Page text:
Monday, May 28, 2018

2018 Craft Beer and Cheese Throw Down

Photos by Ashton Smith
Owen Ogletree gathered local craft beer lovers Ian Meents, Dean Graves, Gail Graves, Ashton Smith, Jeff Rapp, Kim Swantek, Mark Hall, Thel Melton, Melissa Melton, Pete Dasher and Georgia's Beer Wench to sample six cheeses - each paired with two outstanding Georgia beers (with a couple of guest beers from other states thrown in for fun). 
In this blind tasting, participants were told the style of each beer but not the specific brand name. Everyone made a few notes and then voted on which beer in each pair made the best accompaniment to each cheese. The results are listed here...
Gose with coriander and grapefruit peel
The mild, tart flavors worked well with the cheese. Coriander and salt complemented the cheese. Mild citrus, salt and spice.
Golden Sour Ale Blend aged in wine bbls, Amarillo dry-hops

A marvelous beer with complex, pleasant flavors. Needs a heavier cheese. The beer is a bit too acidic for the chevre, and the oak tannins seem to wipe out the chevre flavors. 
American-style IPA
Great citrus aroma and flavor with a pleasant bitter finish. The salty, sharp cheese seems to cover the elegant hop notes of the beer. Mineral notes in beer go well with mineral quality of the cheese. 

American-style Double IPA
Rich malt and hops are a good match for the cheese. Biscuity notes go well. Floral, spicy hops are beautiful with the dry, spicy cheese. 

British-style Strong Bitter


Gorgeous example of the classic style with delicious malt. Caramel and biscuit notes go well with the nutty cheese.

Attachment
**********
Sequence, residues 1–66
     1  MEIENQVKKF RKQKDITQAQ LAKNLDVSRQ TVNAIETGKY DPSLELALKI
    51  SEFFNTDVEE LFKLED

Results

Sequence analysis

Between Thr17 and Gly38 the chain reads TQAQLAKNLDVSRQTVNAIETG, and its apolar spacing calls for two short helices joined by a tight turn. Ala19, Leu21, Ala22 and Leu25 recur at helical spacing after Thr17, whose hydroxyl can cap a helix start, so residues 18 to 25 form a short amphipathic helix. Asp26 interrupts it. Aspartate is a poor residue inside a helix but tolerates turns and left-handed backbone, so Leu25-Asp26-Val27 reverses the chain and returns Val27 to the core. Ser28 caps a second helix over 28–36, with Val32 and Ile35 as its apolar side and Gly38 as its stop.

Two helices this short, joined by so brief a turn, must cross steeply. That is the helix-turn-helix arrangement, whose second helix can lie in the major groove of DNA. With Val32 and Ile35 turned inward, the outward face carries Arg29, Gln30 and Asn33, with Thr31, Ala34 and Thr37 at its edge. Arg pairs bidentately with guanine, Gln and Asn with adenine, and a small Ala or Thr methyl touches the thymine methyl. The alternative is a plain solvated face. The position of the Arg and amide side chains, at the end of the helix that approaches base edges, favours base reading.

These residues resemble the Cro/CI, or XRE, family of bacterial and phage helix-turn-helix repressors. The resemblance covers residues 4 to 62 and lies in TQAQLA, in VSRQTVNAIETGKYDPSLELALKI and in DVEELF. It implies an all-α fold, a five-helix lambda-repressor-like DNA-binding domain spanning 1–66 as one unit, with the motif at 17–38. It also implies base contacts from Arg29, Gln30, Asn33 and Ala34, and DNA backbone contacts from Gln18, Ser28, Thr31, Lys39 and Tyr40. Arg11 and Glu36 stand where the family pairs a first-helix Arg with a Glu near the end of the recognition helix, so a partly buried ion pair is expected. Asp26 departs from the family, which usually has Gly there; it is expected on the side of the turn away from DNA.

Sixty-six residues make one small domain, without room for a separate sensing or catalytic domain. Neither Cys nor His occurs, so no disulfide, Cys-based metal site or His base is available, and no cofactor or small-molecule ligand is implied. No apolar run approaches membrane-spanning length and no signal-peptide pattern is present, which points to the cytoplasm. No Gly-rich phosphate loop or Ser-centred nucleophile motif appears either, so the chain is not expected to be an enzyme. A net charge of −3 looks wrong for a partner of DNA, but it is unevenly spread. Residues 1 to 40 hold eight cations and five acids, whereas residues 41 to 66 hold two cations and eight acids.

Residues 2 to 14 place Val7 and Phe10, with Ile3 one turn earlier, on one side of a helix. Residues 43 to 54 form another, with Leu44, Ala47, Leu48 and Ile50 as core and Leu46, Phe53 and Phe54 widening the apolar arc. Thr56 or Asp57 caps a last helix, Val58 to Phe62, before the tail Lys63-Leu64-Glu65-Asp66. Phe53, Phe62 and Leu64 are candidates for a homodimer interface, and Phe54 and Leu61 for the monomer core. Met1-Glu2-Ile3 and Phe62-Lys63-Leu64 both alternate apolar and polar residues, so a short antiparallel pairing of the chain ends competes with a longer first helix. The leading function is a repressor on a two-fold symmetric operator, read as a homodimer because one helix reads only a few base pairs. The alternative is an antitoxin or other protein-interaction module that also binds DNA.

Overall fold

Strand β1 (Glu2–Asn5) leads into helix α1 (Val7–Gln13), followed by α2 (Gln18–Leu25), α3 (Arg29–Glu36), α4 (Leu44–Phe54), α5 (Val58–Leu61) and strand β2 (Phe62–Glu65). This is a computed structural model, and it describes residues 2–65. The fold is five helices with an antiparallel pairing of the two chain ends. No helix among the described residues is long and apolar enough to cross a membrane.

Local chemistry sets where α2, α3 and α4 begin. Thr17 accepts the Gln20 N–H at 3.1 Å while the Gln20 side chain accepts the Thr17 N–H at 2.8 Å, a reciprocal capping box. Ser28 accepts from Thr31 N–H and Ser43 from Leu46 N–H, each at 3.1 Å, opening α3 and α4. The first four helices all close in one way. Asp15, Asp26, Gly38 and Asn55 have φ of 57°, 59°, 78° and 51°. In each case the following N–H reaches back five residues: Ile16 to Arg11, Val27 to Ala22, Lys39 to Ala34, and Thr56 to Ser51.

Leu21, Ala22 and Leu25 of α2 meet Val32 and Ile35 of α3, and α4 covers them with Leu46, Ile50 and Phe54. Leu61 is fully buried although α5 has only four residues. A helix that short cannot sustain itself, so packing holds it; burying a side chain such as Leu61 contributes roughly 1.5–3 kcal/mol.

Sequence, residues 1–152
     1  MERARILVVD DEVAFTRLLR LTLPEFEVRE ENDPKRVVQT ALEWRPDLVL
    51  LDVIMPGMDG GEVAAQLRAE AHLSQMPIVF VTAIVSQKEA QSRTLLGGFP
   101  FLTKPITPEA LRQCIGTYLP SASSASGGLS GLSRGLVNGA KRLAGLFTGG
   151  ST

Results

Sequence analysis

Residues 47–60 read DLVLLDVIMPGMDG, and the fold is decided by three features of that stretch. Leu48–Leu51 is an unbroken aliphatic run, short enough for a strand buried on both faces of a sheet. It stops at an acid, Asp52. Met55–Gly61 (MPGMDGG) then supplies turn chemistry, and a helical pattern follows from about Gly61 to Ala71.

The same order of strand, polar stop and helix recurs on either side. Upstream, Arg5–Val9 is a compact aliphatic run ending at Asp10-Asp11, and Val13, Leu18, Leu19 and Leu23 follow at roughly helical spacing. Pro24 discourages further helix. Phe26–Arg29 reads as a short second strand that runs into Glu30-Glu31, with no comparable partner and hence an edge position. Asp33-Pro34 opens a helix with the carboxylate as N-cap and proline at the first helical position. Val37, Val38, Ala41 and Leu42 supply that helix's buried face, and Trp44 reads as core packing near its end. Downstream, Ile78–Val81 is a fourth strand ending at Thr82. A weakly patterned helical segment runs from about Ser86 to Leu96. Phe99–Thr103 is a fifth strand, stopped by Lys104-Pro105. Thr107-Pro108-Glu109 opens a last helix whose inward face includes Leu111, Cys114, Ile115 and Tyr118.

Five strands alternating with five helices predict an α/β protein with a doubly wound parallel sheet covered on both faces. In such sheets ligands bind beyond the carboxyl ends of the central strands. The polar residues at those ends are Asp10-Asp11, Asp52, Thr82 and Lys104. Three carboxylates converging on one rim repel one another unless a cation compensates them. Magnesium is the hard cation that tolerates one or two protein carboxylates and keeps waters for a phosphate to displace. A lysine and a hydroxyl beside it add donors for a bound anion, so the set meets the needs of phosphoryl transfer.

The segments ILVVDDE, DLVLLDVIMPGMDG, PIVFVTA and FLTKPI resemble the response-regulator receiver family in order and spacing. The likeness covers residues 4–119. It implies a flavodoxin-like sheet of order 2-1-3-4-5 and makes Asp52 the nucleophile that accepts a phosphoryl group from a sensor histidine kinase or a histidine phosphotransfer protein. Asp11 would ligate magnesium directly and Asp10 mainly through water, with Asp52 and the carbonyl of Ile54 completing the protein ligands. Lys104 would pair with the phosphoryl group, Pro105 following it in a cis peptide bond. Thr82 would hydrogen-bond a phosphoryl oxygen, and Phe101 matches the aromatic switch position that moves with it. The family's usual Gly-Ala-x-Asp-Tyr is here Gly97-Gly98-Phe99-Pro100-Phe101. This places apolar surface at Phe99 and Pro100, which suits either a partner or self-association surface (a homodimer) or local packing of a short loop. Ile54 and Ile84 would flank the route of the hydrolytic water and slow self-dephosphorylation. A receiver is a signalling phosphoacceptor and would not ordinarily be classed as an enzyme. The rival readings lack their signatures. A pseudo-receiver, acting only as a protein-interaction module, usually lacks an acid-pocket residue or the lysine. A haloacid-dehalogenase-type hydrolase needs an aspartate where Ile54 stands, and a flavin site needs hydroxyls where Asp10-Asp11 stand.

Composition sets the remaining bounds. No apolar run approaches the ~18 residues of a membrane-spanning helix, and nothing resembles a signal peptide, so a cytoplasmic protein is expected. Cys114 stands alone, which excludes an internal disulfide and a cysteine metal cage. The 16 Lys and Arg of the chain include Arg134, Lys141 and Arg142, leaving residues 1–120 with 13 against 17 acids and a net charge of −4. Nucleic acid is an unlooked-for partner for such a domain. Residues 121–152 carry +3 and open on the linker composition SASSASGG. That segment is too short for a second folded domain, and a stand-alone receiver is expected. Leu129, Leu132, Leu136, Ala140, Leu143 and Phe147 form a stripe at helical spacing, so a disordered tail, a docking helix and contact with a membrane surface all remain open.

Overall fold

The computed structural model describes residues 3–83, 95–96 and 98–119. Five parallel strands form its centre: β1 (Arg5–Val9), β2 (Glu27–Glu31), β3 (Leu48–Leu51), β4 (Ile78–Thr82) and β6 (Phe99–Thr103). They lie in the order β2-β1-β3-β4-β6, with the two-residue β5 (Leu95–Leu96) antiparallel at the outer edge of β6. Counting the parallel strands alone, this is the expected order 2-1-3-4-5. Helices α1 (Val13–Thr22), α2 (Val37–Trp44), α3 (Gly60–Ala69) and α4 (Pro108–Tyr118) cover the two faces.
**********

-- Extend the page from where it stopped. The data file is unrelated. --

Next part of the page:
Scottish-style Wee Heavy
The rich malt and smoky notes conflict with the nuttiness of the cheese. This tasty beer needs a cheese with somewhat stronger, malt-like flavors.
Trappist-style Tripel with coriander
A fine beer with strong coriander spice in the finish. Great malt and Belgian fermentation character. Works quite well with the nutty, buttery, thick cheese.
Rye Amber Ale aged on French oak

The somewhat mild malt and rye flavors of this beer don't stand up as well to the rich cheese. Complexity of the cheese overpowers the beer a bit.
American-style IPA with passion-fruit, orange, guava
This beer's fruity quality is quite pleasant but might be too much for the cheese. The complexity seems to cover the funkiness and creaminess of the cheese.
Farmhouse saison - mixed fermentation, oak bbl-aged
Tropical fruit, beautiful acidity, quite lambic-like. A light, slightly sweet malt note balances the subtle, yet complex, acidity. It's a nice contrast to the cheese. 

A delicious porter with lovely dark malt complexity. This well-made ale goes down really well. The roasted malt notes cut the complexity of the blue cheese, but the beer's flavors are a bit light to stand up to the bold stilton.
Imperial Stout - bourbon bbl-aged
The richness of this malty brew pairs well with the funky cheese. Nice vanilla barrel flavors complement the cheese. Most people thought the strength of the beer matched the cheese.